Tom Ross: Snow calling is a last resort |

Tom Ross: Snow calling is a last resort

Tom Ross

— We've come to take it for granted that we will have remarkable ski conditions for Dec. 3. But you couldn't always count on it in the past. And that's no B.S.

B.S. — it's the abbreviation for before snowmaking!

Steamboat Ski Area invested $4.5 million in its first snowmaking equipment in summer 1981 after the rough winter of 1980-81, when no more than 133.25 inches of snow fell.

It is the ski area's willingness to modernize its snowmaking system during the past three decades that allows us to contemplate top-to-bottom skiing this weekend.

And anyone who survived winter 1976-77 can tell you what happens without snowmaking during periods of meager natural snow. The owner of the ski area at the time was LTV-RDI, a Dallas aerospace company. The Steamboat Pilot reported Dec. 23 how 400 people had volunteered to spend three days in a desperate effort to get enough snow on Central Park (now Rudy's Run) to open the ski area. The brigade headed up the slopes with rolls of plastic and shoveled snow out of the trees so it could slide into the ski trail. The strategy paid off.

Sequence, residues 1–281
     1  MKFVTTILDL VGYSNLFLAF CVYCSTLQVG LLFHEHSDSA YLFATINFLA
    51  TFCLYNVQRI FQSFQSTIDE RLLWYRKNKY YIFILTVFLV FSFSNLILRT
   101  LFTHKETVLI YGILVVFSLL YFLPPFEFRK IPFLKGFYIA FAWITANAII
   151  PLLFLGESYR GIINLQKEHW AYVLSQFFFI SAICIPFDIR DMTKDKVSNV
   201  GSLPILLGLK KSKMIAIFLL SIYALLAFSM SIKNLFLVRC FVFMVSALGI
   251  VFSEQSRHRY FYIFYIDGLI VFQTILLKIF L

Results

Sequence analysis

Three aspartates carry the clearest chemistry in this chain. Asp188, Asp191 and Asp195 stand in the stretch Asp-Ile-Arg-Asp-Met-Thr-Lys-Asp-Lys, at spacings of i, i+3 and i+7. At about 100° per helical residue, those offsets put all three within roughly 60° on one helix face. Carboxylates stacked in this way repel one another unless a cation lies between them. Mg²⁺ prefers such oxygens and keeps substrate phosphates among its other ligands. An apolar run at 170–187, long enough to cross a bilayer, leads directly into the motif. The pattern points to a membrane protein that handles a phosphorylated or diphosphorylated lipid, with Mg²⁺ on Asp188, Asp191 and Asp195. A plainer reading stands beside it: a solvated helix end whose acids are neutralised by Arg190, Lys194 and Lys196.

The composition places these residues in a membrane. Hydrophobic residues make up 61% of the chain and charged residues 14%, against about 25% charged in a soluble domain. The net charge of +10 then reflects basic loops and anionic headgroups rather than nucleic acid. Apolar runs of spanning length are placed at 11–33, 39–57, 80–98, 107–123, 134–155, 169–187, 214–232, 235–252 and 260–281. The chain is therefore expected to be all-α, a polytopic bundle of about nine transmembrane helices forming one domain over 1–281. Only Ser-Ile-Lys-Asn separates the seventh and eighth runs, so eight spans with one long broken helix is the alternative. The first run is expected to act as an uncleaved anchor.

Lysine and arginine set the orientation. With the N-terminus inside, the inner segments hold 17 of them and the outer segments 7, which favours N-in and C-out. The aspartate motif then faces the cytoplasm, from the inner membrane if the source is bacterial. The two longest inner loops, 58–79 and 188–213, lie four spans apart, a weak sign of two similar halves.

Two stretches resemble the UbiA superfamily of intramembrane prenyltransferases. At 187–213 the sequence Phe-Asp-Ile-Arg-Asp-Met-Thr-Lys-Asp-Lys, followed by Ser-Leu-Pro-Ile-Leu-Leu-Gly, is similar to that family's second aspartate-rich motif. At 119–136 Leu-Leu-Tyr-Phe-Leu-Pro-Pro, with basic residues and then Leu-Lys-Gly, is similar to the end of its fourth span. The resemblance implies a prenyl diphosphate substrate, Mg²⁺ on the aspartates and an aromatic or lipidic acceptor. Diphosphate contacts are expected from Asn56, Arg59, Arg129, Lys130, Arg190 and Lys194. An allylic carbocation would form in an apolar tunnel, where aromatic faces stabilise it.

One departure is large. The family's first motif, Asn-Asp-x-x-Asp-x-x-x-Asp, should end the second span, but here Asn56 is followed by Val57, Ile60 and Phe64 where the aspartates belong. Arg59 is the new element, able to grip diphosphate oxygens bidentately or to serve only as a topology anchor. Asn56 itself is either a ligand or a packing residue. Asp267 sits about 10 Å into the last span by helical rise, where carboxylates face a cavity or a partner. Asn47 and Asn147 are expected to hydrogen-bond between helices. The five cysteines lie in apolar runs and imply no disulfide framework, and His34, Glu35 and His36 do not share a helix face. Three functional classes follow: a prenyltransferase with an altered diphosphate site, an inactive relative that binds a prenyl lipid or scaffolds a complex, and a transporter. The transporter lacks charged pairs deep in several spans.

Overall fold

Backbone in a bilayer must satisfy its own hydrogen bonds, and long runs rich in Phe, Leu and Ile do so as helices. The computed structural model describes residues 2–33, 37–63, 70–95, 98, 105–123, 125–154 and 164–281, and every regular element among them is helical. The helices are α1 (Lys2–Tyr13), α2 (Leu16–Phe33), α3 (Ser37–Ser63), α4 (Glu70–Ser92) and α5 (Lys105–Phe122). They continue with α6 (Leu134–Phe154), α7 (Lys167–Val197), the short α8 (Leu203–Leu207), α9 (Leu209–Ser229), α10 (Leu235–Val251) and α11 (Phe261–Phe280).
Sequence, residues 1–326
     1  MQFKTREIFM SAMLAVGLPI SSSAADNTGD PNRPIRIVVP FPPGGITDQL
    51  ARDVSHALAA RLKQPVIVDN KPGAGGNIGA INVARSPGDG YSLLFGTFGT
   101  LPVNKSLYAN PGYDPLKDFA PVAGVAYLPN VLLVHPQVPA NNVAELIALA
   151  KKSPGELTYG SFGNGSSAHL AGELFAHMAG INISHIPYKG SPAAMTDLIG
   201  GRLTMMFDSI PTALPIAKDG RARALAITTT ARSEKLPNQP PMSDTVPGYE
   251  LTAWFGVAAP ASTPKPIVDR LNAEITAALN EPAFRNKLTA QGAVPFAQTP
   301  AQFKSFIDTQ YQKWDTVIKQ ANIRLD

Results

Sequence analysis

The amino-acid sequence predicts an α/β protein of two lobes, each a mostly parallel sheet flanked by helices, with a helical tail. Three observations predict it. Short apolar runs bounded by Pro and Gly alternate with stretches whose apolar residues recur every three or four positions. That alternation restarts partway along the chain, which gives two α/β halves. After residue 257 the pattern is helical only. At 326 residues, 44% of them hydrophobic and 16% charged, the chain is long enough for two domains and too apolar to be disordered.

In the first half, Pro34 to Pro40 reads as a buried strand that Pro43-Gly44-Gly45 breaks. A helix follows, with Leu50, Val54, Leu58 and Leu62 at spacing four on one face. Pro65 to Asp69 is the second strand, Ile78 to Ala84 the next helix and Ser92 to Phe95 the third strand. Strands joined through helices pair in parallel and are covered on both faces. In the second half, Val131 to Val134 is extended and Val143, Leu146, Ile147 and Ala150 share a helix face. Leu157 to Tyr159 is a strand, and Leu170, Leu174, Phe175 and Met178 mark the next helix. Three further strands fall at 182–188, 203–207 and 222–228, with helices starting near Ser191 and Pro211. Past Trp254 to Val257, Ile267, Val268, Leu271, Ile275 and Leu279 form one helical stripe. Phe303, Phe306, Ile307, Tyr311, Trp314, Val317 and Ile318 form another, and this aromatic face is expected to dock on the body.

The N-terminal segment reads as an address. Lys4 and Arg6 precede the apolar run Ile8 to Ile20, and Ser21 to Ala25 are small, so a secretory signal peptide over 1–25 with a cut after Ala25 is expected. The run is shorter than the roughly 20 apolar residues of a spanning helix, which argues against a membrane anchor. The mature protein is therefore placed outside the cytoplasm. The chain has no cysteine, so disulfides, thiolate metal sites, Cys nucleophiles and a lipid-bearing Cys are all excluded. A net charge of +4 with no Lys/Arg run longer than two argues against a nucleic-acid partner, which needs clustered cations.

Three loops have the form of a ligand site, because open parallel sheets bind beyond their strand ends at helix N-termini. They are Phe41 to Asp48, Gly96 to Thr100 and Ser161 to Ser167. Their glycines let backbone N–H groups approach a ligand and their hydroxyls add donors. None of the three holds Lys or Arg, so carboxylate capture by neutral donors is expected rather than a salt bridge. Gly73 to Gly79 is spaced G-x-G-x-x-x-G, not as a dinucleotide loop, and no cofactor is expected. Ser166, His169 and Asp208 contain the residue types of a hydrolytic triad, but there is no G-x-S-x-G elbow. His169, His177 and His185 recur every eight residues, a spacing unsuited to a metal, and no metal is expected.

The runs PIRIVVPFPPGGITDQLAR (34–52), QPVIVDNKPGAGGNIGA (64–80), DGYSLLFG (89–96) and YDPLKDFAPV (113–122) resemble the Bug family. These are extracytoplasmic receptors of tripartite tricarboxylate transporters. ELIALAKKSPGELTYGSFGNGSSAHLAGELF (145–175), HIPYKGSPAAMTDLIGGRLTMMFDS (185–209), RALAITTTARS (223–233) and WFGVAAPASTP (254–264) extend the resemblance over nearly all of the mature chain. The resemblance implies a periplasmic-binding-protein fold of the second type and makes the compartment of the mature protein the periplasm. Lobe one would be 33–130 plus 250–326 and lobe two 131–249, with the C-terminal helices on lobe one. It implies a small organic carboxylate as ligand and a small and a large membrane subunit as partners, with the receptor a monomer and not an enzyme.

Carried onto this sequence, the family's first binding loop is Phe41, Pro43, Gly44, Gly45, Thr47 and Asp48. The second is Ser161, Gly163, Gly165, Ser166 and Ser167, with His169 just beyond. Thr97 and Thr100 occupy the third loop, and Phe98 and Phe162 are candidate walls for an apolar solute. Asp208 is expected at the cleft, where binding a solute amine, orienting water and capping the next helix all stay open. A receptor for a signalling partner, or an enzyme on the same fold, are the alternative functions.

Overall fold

The ski area opened the gondola and Burgess Creek chairlift in time for Christmas, but skiing still was limited.

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The situation remained serious in mid-January, when Curt Weiss helped to turn things around — at least temporarily.

Desperate powder hounds staged a snow rally and bonfire near the base of the ski area, and it was Weiss who won the snow calling contest.

"Everybody was panicked," Weiss recalled. "We had none of the sophistication we have now with snowmaking. The good news was there was a snowstorm already on the way. I won the contest, and it snowed 2 feet the next day."

It wasn't enough.

The ski season limped into February without any fresh powder, and the ski area reluctantly closed Feb. 13 before reopening March 7 with abundant snow.

We may find ourselves praying for more fresh snow this morning. But we'll never find ourselves as desperate as folks were in 1977.

And we can always turn to Weiss in a pinch.

"I still know how to call snow," he said.

Have at it, Curt.

To reach Tom Ross, call 970-871-4205 or email

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